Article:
Beracha Acharona on Fruit of Non-Jews in IsraelIf I eat nochri (field in Israel owned by a non-Jew) fruit that gets an “Al Haetz”, do I end the beracha with “… al hapeirot” or “…al peiroteha”?
While this sounds like a Shemitta (whose halachot continue regarding fruit) question, it applies every year. It also applies to orchards sold through heter mechira.
We start with the main sources on the change of wording of the beracha. The gemara (Berachot 44a) cites both versions of the beracha and first says that in chutz la’aretz one says “peiroteha” (on its [the Land’s] fruit) and in
The Beit Yosef (Orach Chayim 208) cites a machloket between Rabbeinu Yona and the Rashba whether one says hapeirot or peiroteha on fruit grown in
There is a major machloket, raised most prominently in Gittin (47a), whether a non-Jew’s acquisition of land in Eretz Yisrael uproots the laws that apply to Eretz Yisrael. The halachic conclusion is not fully clear (see Rambam, Terumot 1:10). There are macholokot in different applications, including the one between Rav Yosef Karo (Avkat Rochel 24) and the Mabit (I:11) whether the fruit that grows under a non-Jew’s ownership has Shemitta status. The former’s opinion, that Shemitta status is removed, is the more accepted one (see Shabbat Ha’aretz (R. Kook), Mavo 15). One could then claim that such fruit is uprooted from Eretz Yisrael status regarding our question as well.
However, I have been unable to find a hint in classical texts or rulings in more recent sources that indicate a distinction within Eretz Yisrael between the fruit of Jewish-owned fields and non-Jewish fields. There are some opinions (see discussions in Birkei Yosef, OC 208:11 and Kaf Hachayim, OC 208:59) that on fruit from sections of Eretz Yisrael that lost kedushat ha’aretz with the Babylonian exile and were not restored to kedushat ha’aretz in the Second Temple, we do not say peiroteha. Not all agree. After all, these areas are still Eretz Yisrael regarding many spiritual matters (see Shabbat Haaretz ibid.). Hashem gave them to us, we will return, and, according to most, we still presently have a mitzva to live there (see Encyclopedia Talmudit, Yeshivat Eretz Yisrael, ftnt. 28-29). Our question is about areas with the kedusha from the time of the
Saying Shemoneh Esrei AudiblyI daven with someone who davens Shemoneh Esrei loudly enough to disturb my davening significantly. Can/should I say anything?
There are two matters to discuss: whether the davener may do what he is doing; what you should do about it. The former is straightforward; the latter is difficult.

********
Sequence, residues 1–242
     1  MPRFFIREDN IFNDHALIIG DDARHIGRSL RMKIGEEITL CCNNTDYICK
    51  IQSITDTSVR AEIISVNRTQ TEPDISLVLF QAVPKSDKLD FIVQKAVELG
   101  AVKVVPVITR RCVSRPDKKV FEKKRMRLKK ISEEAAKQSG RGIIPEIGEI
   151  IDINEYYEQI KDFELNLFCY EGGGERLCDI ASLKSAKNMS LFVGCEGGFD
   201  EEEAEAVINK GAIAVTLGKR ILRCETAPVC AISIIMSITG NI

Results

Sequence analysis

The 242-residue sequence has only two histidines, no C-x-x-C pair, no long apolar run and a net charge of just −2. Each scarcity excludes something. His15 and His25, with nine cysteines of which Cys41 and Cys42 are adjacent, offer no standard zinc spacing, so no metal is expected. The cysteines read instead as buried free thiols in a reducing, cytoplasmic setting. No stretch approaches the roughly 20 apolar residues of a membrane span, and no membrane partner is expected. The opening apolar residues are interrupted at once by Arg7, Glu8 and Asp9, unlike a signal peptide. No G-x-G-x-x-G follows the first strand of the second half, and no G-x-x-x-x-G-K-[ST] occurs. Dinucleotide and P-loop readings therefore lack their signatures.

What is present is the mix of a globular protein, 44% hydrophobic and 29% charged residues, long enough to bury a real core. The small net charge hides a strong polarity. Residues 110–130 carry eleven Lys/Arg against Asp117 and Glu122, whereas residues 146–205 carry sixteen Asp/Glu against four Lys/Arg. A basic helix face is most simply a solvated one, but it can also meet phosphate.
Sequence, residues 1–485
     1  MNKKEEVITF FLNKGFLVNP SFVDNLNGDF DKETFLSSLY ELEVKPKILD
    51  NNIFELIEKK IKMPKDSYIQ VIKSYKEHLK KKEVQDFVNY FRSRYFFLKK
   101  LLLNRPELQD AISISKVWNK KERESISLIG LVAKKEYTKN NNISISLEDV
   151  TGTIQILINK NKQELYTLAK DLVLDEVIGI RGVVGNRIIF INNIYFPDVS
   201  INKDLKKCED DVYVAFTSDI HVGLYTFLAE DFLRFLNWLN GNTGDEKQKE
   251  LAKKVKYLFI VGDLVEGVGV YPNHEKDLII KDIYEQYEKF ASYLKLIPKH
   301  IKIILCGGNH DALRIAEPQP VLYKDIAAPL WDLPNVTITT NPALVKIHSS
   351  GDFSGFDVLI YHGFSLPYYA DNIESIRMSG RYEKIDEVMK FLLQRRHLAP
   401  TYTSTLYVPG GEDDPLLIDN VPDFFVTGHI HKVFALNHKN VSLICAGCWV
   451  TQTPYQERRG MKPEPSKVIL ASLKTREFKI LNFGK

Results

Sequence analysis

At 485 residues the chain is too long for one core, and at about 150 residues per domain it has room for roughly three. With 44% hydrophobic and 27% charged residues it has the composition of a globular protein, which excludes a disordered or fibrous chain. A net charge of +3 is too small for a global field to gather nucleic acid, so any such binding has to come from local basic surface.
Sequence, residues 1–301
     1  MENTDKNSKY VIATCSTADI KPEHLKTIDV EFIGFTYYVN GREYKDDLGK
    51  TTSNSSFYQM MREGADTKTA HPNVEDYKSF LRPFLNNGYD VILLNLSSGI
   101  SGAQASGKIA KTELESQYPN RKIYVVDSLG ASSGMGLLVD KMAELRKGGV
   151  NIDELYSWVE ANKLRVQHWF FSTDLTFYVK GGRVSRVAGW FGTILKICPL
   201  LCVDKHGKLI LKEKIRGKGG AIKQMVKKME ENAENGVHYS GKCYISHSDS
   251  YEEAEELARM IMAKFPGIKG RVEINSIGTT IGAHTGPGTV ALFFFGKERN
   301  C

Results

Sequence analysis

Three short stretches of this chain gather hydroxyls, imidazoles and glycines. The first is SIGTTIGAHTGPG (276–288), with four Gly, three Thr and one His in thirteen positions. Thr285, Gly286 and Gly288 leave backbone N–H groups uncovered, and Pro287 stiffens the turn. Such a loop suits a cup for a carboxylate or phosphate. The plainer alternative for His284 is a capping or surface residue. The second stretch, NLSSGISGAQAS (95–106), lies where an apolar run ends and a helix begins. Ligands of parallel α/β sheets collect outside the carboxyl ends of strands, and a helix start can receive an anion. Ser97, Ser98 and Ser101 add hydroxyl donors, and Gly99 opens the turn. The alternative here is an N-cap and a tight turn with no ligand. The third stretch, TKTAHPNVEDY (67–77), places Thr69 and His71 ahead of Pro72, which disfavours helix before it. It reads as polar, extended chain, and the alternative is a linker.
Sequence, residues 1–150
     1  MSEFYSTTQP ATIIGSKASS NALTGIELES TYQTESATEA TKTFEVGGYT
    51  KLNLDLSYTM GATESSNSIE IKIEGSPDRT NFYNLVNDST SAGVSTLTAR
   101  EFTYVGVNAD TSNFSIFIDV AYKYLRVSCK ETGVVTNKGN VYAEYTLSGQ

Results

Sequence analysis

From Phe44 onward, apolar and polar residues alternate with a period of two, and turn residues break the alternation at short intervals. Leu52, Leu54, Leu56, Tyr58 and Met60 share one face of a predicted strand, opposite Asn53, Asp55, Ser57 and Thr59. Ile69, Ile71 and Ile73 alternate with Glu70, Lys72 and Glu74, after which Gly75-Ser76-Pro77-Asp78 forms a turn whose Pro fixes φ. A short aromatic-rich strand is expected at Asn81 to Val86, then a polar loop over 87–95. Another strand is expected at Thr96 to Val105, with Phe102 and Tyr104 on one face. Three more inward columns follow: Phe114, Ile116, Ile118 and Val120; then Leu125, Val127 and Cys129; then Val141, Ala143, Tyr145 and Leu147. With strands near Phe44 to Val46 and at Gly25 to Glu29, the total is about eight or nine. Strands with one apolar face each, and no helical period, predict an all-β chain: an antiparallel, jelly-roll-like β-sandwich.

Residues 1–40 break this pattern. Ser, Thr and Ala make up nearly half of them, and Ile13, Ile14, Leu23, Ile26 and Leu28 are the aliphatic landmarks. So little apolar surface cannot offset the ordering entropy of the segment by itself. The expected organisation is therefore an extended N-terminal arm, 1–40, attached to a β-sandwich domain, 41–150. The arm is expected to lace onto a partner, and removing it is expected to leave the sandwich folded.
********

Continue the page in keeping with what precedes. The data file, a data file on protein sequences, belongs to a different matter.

The gemara (Berachot 31a) learns from Chana (Shmuel I:1:13) that tefilla (referring at least mainly to Shemoneh Esrei) should not just be contemplated but that words should be formed by the movement of the lips, but in a manner that is not audible. The gemara (Berachot 24b) even refers to one who recites tefilla aloud as one who does not believe Hashem will hear him otherwise and to one who raises his voice as an idol worshipper. There is a machloket, from Talmudic times and on, whether it is proper to pronounce the words loudly enough to hear them himself (see Beit Yosef, Orach Chayim 101). While Kabbalistic sources oppose being able to hear, standard halachic ones recommend being able to hear (Shulchan Aruch, OC 101:2, but see Be’ur Halacha ad loc.).
The gemara (ibid.) assumes that the main problem of saying tefilla audibly is contextual and that he may do so if he needs to for his kavana (concentration). The Taz (OC 101:1) posits that it is justified even to improve his otherwise reasonable kavana (the Be’ur Halacha, concerned for the Kabbalistic opinions that audibility disqualifies tefilla, objects). However, the gemara says that even one who needs to recite aloud for his kavana may not do so in a communal setting because it disturbs others. The Mishna Berura (101:6) posits that this problem exists even if he disturbs only his closest neighbor(s) in shul. This indeed seems obvious. If the proper thing is to be quiet and this is waived to help kavana, why would we bend the rule if it hurts another while helping him?
It is difficult to apply these rules like an exact science. Most people cannot make themselves hear and still be certain that those next to them do not hear at all. It is also difficult to know when a quiet undertone will disturb others. And what if the words are not audible, but a low hum still disturbs someone? If it is his neighbor’s over-sensitivity, then it is arguably his problem, and the neighbor should deal with it or find a different place to sit.